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Title:
ADAPTIVELY CONTROLLING TRAFFIC MOVEMENTS FOR PEDESTRIAN SAFETY
Document Type and Number:
WIPO Patent Application WO/2019/210316
Kind Code:
A1
Abstract:
The present disclosure is directed to methods and apparatus that monitor pedestrian traffic and that adjust the behavior of traffic signals at intersections and "walk" - "do not walk" indicators associated with particular crosswalks. Methods and apparatus consistent with the present disclosure may receive image or sensor data, may monitor the status of different traffic flow, and may adjust the timing of signal lights or walking indications as conditions change at an intersection. In certain instances, a traffic controller at one intersection may receive information collected by other traffic controllers along a set of streets that lead to a particular intersection. Traffic controllers that receive images of an intersection may identify partition the intersection into a set of safe and unsafe zones as those traffic controllers identify when pedestrians can safely cross an intersection.

Inventors:
MALKES, William, A. (10545 Hardin Valley Road, Knoxville, TN, 37932, US)
OVERSTREET, Williams, S. (10545 Hardin Valley Road, Knoxville, TN, 37932, US)
PRICE, Jeffery, R. (10545 Hardin Valley Road, Knoxville, TN, 37932, US)
TOURVILLE, Michael, J. (10545 Hardin Valley Road, Knoxville, TN, 37932, US)
Application Number:
US2019/029719
Publication Date:
October 31, 2019
Filing Date:
April 29, 2019
Export Citation:
Click for automatic bibliography generation   Help
Assignee:
CUBIC CORPORATION (9333 Balboa Avenue, San Diego, California, 92123, US)
International Classes:
B60Q1/26; B60Q1/50; B60Q1/52; G08G1/16
Foreign References:
US20150170498A12015-06-18
US20160137208A12016-05-19
US20150210279A12015-07-30
US20160122956A12016-05-05
US20140191882A12014-07-10
Attorney, Agent or Firm:
MCMILLAN, Scott, L. et al. (Kilpatrick Townsend & Stockton LLP, Mailstop: IP Docketing - 221100 Peachtree Street, Suite 280, Atlanta Georgia, 30309, US)
Download PDF:
Claims:
CLAIMS

WHAT IS CLAIMED IS:

1. A method for increasing pedestrian safety, the method comprising:

storing information identifying a safe zone and an unsafe zone at an intersection;

receiving an image of the intersection;

identifying a location of a person at the intersection based on the received image;

identifying a condition associated with the intersection based on a comparison of the identified location of the person to the stored information identifying the safe zone and the unsafe zone; and

activating a light that illuminates the person at the identified location based on the identified condition.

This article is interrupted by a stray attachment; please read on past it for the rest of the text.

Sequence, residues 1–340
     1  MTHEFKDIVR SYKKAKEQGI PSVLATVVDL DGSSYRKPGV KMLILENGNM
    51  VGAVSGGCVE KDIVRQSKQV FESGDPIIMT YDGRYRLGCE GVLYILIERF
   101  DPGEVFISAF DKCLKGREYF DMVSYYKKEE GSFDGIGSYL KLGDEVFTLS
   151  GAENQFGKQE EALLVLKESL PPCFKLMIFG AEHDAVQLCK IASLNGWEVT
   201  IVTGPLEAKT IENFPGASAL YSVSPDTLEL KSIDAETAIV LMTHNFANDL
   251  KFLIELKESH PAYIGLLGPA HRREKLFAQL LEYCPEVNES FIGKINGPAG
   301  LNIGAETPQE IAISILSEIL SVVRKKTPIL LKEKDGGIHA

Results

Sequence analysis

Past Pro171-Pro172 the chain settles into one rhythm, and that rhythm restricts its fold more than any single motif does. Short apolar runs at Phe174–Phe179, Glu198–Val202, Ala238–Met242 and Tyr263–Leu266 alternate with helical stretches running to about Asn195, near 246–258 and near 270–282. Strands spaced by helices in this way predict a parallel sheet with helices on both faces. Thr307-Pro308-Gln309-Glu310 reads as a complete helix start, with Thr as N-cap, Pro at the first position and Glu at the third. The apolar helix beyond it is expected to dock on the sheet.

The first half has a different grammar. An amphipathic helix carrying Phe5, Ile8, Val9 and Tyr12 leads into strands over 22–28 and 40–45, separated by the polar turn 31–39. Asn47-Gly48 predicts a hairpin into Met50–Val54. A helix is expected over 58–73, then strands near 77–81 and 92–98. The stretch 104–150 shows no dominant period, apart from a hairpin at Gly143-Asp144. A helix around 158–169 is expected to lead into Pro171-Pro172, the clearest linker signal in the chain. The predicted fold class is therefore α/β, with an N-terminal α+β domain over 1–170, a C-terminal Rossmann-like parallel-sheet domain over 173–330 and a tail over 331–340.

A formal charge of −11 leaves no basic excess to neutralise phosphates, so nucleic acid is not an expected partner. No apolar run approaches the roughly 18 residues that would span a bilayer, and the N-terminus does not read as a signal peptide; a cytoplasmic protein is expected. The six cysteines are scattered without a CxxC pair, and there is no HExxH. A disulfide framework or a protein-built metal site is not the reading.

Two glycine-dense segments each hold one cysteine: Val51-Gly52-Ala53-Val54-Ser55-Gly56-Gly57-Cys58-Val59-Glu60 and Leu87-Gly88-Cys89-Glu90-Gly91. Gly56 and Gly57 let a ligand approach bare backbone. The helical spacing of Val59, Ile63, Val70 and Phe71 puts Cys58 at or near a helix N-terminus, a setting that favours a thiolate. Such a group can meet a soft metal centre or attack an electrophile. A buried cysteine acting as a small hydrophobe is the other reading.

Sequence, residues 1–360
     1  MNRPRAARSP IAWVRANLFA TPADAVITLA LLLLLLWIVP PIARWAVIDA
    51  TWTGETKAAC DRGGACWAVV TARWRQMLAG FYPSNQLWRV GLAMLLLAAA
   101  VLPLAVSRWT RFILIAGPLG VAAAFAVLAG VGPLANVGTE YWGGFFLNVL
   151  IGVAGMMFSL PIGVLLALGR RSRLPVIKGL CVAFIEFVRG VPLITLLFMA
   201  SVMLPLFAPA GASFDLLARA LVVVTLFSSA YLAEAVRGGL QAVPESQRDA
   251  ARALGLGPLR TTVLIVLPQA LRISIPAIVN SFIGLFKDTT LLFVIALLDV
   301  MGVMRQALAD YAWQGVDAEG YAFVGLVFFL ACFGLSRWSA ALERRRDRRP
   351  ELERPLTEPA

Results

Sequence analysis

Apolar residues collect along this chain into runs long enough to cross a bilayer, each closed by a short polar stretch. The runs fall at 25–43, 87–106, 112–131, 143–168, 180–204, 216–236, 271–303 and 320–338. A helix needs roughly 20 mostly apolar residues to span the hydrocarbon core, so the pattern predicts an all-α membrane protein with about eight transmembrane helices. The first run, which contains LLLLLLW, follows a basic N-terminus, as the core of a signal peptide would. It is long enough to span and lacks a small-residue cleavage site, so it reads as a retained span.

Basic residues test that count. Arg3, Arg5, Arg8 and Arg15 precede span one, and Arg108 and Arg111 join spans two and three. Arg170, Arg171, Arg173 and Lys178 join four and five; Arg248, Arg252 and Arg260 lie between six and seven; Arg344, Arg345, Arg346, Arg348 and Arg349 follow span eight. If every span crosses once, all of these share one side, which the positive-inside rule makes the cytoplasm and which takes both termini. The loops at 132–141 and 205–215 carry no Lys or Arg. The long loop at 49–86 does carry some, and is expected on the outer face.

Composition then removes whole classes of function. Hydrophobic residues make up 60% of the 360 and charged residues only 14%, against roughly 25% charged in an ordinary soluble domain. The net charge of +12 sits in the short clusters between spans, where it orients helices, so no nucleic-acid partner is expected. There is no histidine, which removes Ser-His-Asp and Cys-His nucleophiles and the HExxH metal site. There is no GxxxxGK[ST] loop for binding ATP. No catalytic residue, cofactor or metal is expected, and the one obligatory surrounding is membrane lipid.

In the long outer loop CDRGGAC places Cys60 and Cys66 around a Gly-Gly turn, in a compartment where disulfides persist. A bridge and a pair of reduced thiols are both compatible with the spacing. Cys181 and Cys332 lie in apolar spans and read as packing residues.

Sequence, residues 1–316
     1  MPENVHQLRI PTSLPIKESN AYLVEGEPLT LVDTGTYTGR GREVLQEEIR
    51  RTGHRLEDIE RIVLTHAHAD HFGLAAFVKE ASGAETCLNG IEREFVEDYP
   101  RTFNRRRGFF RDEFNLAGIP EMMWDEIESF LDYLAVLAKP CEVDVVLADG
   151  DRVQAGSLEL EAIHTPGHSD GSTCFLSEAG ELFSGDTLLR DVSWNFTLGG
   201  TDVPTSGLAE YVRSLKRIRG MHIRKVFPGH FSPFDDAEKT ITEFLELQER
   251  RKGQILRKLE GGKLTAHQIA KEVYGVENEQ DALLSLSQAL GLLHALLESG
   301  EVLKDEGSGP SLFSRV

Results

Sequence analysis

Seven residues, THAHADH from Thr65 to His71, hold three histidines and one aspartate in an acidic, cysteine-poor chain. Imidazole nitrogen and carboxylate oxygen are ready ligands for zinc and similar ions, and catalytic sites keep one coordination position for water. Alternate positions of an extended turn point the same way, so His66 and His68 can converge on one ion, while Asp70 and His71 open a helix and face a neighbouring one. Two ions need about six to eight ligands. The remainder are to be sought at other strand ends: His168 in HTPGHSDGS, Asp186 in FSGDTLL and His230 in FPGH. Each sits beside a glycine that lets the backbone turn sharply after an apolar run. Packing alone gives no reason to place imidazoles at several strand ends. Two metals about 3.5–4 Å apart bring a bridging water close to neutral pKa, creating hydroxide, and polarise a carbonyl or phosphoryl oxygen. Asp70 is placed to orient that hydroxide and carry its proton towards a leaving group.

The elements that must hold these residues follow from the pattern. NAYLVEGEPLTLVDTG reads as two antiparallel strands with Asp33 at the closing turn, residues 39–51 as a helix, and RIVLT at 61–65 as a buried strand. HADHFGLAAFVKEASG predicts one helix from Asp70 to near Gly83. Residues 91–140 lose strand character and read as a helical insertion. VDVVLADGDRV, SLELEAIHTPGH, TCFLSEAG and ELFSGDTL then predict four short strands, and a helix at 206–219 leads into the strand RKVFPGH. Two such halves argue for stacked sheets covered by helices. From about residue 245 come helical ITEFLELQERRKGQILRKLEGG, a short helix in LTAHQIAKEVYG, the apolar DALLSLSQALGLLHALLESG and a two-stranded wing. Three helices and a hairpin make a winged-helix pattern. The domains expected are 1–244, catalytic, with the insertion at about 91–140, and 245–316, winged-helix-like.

2. The method of claim 1, wherein the identified condition is further based on identifying that the location of the person is within the unsafe zone.

3. The method of claim 1, further comprising:

tracking the person as the person moves through the intersection; and

continuing to illuminate the person as the person moves through the intersection.

4. The method of claim 4, further comprising:

identifying that the person has moved into the safe zone; and

deactivating the light based on the identification that the person has moved into the safe zone.

5. The method of claim 1, wherein the received sensor data indicates a current amount of visibility, and wherein identifying the condition is further based on the current amount of visibility being below a predefined threshold level.

6. The method of claim 1, further comprising:

identifying a current traffic level associated with the intersection; and

changing a timing of an indicator at the intersection based on the identified current traffic level.

7. The method of claim 6, wherein identifying the current traffic level includes counting a number of cars at the intersection.

8. The method of claim 6, further comprising identifying a danger based on the identified current traffic level meeting a predefined threshold level.

9. A non-transitory computer-readable storage medium having embodied thereon a program executable by a processor to implement a method for increasing pedestrian safety, the method comprising:

storing information identifying a safe zone and an unsafe zone at an intersection; receiving an image of the intersection;

identifying a location of a person at the intersection based on the received image; identifying a condition associated with the intersection based on a comparison of the identified location of the person to the stored information identifying the safe zone and the unsafe zone; and

activating a light that illuminates the person at the identified location based on the identified condition.

10. The non-transitory computer-readable storage medium of claim 9, wherein the identified condition is based on identifying that the location of the person is within the unsafe zone.